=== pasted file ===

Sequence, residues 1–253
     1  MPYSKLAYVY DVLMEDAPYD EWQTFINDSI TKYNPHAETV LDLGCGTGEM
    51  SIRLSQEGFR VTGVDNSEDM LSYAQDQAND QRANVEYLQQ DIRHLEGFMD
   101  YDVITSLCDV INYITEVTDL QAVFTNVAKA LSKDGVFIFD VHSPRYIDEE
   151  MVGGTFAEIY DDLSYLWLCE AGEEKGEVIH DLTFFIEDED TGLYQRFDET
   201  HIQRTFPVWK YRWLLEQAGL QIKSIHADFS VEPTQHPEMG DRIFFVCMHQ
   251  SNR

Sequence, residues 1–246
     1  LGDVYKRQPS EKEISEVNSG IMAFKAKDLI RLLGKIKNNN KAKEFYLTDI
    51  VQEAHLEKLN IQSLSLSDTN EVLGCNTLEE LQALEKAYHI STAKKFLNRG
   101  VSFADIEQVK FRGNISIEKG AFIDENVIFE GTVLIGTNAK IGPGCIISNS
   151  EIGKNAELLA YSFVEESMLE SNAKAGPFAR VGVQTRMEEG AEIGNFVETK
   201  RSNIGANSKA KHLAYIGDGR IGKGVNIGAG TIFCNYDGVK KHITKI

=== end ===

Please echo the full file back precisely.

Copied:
Sequence, residues 1–253
     1  MPYSKLAYVY DVLMEDAPYD EWQTFINDSI TKYNPHAETV LDLGCGTGEM
    51  SIRLSQEGFR VTGVDNSEDM LSYAQDQAND QRANVEYLQQ DIRHLEGFMD
   101  YDVITSLCDV INYITEVTDL QAVFTNVAKA LSKDGVFIFD VHSPRYIDEE
   151  MVGGTFAEIY DDLSYLWLCE AGEEKGEVIH DLTFFIEDED TGLYQRFDET
   201  HIQRTFPVWK YRWLLEQAGL QIKSIHADFS VEPTQHPEMG DRIFFVCMHQ
   251  SNR

Sequence, residues 1–246
     1  LGDVYKRQPS EKEISEVNSG IMAFKAKDLI RLLGKIKNNN KAKEFYLTDI
    51  VQEAHLEKLN IQSLSLSDTN EVLGCNTLEE LQALEKAYHI STAKKFLNRG
   101  VSFADIEQVK FRGNISIEKG AFIDENVIFE GTVLIGTNAK IGPGCIISNS
   151  EIGKNAELLA YSFVEESMLE SNAKAGPFAR VGVQTRMEEG AEIGNFVETK
   201  RSNIGANSKA KHLAYIGDGR IGKGVNIGAG TIFCNYDGVK KHITKI